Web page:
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Wednesday, November 9, 2016

The Row Principle

4th June 2015
Dear Cassi,

I ran into an old memory the other day in preparation for something, and felt I should share it with you. It’s funny how the world works like that, and something just pops back into my head after so long.
When I was in middle school, after my pool exploded and my mother passed away I got very out of shape. I couldn’t run ten steps without getting winded and I felt old. Funny to think you should feel old at eleven, but I felt old none the less.
Now I went to middle school and had P.E. once a day like every other fellow and so had to do with a P.E. teacher I’ll call Row. He kind of reminded me of an old crow carved of withered wood, but I’m going to call him Row so as not to offend that bird. I couldn’t spell his real name off the top of my head but what does it matter?
In any case, we were running the field one day and I was dead last with the old Row pacing me. I kept my speed even though it hurt like hell, and I had to close my eyes from the pain. I was out of breath and aching but would give him no ground. 

To add injury to insult his knee stopped working, and he ran with one stiff leg but could have out ran me at any moment. Somehow we were talking. I couldn’t give you an explanation for that, but mostly he was talking.  He told me how he won track meets as a coach by pacing the worst runner and making them keep running.

“The last runner gets down to a slow trot,” he told me. “I keep telling them not to give up. Come on, pass just one more kid.”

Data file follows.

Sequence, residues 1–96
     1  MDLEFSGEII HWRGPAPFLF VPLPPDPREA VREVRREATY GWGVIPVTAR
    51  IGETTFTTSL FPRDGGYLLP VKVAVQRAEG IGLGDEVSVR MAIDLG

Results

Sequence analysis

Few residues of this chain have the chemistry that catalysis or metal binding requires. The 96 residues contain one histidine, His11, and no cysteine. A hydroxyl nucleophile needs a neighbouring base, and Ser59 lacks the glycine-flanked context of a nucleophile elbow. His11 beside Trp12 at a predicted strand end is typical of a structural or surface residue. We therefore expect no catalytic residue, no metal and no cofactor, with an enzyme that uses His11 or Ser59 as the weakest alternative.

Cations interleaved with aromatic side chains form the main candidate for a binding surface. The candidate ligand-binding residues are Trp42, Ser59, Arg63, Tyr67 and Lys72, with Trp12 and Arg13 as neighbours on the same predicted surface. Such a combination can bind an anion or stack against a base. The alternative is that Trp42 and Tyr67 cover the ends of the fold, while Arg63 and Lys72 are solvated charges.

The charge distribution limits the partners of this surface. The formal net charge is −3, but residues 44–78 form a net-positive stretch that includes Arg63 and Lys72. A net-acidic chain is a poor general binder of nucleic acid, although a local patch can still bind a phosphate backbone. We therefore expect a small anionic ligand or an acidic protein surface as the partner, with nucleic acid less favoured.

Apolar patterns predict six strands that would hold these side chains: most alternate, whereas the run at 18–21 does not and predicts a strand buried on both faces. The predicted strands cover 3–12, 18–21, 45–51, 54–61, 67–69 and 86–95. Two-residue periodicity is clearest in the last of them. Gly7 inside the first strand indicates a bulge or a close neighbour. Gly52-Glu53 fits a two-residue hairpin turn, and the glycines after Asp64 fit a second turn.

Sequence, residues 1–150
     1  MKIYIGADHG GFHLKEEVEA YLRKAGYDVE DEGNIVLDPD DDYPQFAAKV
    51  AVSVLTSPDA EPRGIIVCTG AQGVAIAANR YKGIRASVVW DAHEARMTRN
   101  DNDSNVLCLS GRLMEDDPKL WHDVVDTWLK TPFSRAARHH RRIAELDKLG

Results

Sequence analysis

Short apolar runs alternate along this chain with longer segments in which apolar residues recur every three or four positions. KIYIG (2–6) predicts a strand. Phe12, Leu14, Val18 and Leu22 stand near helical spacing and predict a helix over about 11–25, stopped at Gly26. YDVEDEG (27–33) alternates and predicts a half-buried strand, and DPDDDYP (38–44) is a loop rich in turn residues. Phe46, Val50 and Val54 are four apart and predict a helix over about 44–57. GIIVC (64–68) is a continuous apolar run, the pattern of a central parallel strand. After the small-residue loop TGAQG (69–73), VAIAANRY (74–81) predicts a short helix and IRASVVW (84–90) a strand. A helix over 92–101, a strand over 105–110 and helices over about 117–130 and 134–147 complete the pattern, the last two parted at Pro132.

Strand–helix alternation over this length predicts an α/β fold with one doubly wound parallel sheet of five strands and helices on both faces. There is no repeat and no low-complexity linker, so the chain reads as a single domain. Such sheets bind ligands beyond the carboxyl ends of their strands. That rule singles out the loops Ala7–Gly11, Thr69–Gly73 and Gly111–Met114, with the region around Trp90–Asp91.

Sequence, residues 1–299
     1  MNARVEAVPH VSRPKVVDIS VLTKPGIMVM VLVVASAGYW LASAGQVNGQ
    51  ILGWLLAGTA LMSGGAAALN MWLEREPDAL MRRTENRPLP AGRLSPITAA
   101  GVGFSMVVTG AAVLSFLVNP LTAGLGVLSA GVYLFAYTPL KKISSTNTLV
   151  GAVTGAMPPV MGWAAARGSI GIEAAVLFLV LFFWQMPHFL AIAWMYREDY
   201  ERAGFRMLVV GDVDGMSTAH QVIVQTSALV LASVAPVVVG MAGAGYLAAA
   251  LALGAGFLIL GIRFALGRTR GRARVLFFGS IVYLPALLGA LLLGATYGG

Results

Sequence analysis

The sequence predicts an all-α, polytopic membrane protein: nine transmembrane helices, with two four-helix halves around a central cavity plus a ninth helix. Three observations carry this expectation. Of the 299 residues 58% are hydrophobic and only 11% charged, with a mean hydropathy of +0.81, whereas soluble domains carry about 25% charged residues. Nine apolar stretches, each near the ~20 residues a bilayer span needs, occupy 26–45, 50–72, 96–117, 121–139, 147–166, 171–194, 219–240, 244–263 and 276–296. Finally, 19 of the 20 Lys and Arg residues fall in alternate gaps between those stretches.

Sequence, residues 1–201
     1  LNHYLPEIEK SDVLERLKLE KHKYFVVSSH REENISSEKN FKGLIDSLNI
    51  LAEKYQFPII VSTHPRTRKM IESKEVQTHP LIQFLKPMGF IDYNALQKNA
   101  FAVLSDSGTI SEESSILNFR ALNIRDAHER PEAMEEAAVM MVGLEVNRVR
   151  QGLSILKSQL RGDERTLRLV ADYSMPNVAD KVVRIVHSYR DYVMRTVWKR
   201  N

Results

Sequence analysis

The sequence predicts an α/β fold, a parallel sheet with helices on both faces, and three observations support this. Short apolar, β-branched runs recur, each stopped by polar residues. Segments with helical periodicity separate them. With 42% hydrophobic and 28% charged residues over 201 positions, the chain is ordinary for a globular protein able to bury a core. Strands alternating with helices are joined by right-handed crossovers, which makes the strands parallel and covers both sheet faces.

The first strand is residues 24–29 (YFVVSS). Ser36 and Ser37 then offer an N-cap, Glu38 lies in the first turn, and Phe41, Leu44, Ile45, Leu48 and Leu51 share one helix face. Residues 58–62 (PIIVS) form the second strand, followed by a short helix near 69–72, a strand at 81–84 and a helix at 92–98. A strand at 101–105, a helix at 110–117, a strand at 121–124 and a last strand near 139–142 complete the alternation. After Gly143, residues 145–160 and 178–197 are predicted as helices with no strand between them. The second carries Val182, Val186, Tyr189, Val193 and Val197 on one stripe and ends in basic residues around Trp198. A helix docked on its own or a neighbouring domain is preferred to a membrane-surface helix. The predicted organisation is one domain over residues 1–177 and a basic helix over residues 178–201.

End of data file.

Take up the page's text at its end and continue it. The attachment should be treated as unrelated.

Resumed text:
Row would focus on his weakest point, and this would make the largest impact on his work. It’s a funny way of looking at things until you break it down. Like I said for my projects, “if you have a car with a good engine but a bad transmission it still will never run.”

If you want to paint and you can’t paint clouds maybe you should paint clouds until you get it right. If you’re bad at something work at it until you get it right.

I will call this the ‘Row Principle’ your weakest point is where you can most improve.

Never give up, little sister,

Richard Leland Neal

Monday, November 7, 2016

Love for Pools

2nd June 2015
Dear Cassi,

I’ve always had a love for pools which is no wonder in the state of California because of the heat, but did I ever tell you about the pool I had as a kid? It was one of those above ground jobs with steel sides and an uneven bottom. I loved that pool. I would come home from school and jump in wearing nothing but my jockeys and for most of my young life the water went up to my chin making me prance around.

I did very little swimming, but I loved the water so that I would just do laps walking from one end of the pool to the other. There was a time that the pool was heated, but the heater broke, and then we took it apart. I remember it being full of dust and old plastic bracelets. The base had been made of loose red bricks which became toys once unearthed.